Re: hegemony and the polyphony of culture
JAMES BENTHALL (firstname.lastname@example.org)
7 Dec 1994 21:02 CST
In article <email@example.com>, firstname.lastname@example.org (Wing-Hoi Chan (GD 1999)) writes...
>JAMES BENTHALL (email@example.com) wrote:
>: Thats hegemony. When the masses *believe*, without questioning, that the elite
>: culture is superior then they have fallen into a hegemonic relationship. The
>: internalization or acceptance of such a belief is what Gramsci called
>: "ideological hegemony". A good example is Social Darwinism in America. Many
>i am glad that some one finally responded.
>but then i think the same problem comes up in your response:
>belief in superiority of elite culture does not involve internalizing
Then how do these people _know_ that the "superior" elite culture is superior?
In most [all] studies I've read people don't readily agree that their culture
is inferior to another. I don't know how many anthropological "stories" i've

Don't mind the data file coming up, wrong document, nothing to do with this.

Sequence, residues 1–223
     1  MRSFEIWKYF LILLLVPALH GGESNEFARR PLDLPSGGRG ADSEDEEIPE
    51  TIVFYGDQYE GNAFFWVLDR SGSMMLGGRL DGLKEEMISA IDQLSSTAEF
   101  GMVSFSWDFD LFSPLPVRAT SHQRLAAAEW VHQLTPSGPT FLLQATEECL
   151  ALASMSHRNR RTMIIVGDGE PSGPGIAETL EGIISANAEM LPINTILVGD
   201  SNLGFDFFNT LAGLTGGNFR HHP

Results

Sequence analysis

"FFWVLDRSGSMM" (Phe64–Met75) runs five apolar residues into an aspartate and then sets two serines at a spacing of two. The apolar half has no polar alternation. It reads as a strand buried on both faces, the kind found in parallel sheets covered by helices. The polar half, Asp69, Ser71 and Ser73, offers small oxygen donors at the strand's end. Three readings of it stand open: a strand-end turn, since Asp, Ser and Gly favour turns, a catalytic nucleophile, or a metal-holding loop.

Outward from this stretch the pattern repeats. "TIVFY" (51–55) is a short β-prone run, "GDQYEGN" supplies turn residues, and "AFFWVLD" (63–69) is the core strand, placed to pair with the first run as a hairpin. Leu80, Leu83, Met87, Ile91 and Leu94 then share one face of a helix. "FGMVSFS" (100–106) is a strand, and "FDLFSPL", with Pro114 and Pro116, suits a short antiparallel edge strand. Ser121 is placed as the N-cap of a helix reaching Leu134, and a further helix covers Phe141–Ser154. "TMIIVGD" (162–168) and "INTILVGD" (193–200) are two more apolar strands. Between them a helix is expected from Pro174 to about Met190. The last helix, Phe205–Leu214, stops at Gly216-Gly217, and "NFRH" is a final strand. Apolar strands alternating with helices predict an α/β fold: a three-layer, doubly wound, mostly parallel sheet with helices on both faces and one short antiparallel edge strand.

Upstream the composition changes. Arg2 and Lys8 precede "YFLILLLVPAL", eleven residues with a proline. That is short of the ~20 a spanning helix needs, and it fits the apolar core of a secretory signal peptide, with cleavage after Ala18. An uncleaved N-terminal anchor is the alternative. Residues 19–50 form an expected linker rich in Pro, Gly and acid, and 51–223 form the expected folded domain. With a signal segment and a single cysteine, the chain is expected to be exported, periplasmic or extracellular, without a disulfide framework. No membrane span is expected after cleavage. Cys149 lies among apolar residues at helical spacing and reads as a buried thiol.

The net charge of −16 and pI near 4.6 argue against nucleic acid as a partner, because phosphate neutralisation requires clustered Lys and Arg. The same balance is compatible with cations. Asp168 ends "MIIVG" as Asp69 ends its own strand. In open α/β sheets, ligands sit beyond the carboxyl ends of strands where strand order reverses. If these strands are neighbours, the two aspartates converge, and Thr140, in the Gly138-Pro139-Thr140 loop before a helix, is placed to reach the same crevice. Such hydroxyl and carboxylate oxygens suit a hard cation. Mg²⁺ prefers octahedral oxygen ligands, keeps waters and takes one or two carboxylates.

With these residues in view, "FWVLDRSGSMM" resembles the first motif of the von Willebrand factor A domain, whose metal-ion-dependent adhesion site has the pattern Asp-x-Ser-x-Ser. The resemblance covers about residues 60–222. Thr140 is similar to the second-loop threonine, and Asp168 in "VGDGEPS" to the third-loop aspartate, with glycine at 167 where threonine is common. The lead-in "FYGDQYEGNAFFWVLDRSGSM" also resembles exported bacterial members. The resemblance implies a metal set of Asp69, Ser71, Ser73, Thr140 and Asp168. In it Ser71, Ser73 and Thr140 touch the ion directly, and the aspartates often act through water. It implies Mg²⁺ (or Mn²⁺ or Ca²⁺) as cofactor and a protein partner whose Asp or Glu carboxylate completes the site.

heard where the "less developed" group thinks the "developed" group is
positively silly with all their contraptions and such. A necessary part of
being human is having a healthy self-image--people don't just abandon this
belief at the drop of a hat. It usually only occurs after an "inferior"
group has been in contact with a "superior" one for a period.
I believe (and this is JUST my belief) that it doesn't occur until the
subordinate group has been in contact with the dominant group long enough to
*internalize* their belief system (i.e. long enough to adopt their criterion
on what is superior/inferior).
If anyone has any sources about this quandary please post them.
!Vivan los Zapatistas!